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Building capacity in epilepsy research after COVID-19

Maxine Smeaton 2

Maxine Smeaton

ERUK Chief Executive

Date Published: July 15, 2020

Author: Maxine Smeaton

The COVID-19 pandemic has made us rethink how we can maximise the impact our research has for people with epilepsy. In this blog, our Chief Executive Maxine Smeaton explains how we plan to build capacity by attracting and retaining the best epilepsy researchers at this pivotal moment.

Every week 600 people in the UK are diagnosed with epilepsy. At Epilepsy Research UK, we passionately believe that research holds the key to helping people live a life free from epilepsy. We’re proud as a charity to be investing over £1 million each year into research to understand the causes and improve diagnosis and management of the condition.

To bring the greatest transformation in care for people with epilepsy, we know that we must go beyond funding individual research projects. The field of epilepsy research has been chronically starved of funding for years, and for many researchers, at the beginning of their career, this makes it a challenge to get into the field and maintain funding.

Building a strong research community is one of our key strategic priorities as a charity, and an area we feel we can have a significant impact. Through initiatives like our fellowship awards and the Doctoral Training Centre Grant scheme we announced recently, we’re making great progress in keeping the brightest minds focussed on epilepsy.

However, the COVID-19 pandemic has interrupted this progress and brought much of the research we fund to a standstill. Significant innovations which were on the cusp of being translated into patient benefit have now been delayed. Public life might seem like it is slowly returning to normal, but scientists are only now starting to get their work back up and running, and clinical researchers may still be redeployed to the COVID-19 front-line.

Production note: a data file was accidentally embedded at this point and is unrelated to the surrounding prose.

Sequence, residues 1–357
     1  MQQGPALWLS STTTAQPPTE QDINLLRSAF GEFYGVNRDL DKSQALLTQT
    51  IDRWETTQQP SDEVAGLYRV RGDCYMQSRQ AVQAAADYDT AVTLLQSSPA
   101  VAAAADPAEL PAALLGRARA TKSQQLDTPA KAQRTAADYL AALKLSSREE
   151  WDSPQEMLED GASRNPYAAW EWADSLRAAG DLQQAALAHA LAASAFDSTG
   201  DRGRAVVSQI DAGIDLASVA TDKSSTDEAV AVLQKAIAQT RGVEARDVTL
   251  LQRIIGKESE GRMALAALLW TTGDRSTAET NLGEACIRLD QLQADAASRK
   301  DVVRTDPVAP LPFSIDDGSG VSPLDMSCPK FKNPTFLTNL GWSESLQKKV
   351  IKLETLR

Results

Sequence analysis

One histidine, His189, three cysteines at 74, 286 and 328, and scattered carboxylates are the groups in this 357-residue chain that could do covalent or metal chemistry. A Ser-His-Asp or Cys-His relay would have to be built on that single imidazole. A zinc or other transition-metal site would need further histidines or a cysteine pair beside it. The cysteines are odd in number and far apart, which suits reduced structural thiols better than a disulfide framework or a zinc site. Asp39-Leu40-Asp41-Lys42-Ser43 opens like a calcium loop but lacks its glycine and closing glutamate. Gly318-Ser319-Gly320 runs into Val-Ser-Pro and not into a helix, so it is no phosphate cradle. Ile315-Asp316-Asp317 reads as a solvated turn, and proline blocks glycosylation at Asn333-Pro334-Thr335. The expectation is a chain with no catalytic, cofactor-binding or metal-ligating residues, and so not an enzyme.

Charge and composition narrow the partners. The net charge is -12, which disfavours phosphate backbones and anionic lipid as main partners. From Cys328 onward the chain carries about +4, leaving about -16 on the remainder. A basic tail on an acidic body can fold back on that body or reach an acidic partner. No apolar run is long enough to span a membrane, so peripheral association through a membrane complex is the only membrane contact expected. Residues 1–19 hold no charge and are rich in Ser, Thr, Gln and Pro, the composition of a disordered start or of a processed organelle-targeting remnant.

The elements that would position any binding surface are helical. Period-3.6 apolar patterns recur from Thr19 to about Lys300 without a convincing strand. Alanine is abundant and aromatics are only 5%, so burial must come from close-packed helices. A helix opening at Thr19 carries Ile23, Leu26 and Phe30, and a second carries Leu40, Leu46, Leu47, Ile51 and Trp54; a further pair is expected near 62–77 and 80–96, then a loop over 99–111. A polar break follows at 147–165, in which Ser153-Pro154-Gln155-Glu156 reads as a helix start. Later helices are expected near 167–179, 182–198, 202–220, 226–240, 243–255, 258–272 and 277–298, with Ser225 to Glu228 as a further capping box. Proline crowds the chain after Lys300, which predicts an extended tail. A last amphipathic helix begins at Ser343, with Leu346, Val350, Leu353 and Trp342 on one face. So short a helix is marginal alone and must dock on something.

Without acting now, the momentum we’ve built might be permanently lost, meaning that scientific discoveries will take longer to reach people with epilepsy.

The pandemic has made us re-evaluate how we can best support epilepsy research right now. Thanks to the generosity of our donors, we funded a record amount of research in our last grant round, and we’re in the fortunate position to be able to commit the same level of research funding this year. But we now have a unique opportunity to change how we fund research and lay a strong foundation for the future.

Therefore, for this year’s upcoming grant round, we will be diverting all our funding to our ERUK Emerging Leader Fellowship Awards and a joint Fellowship Award in partnership with Young Epilepsy. These fellowships are specifically designed to help early-career scientists develop into research leaders. This does mean that we will not be funding any new project or pilot studies in the upcoming grant round, which we know may come as a disappointment to some researchers. But we feel that investing in fellowship awards is the best thing we can do right now to build capacity for the future.

We want to help the epilepsy research community rebuild after COVID-19 – not only help it get back on its feet, but make it stronger than before.

We believe that securing the most promising scientists into this community right now will have the greatest impact for people living with epilepsy in the future.

Are you a scientist aiming to develop your career in epilepsy research? Keep an eye out for upcoming announcements on how you can apply for our Emerging Leaders Fellowship Awards on our research grants awards page.

-Maxine Smeaton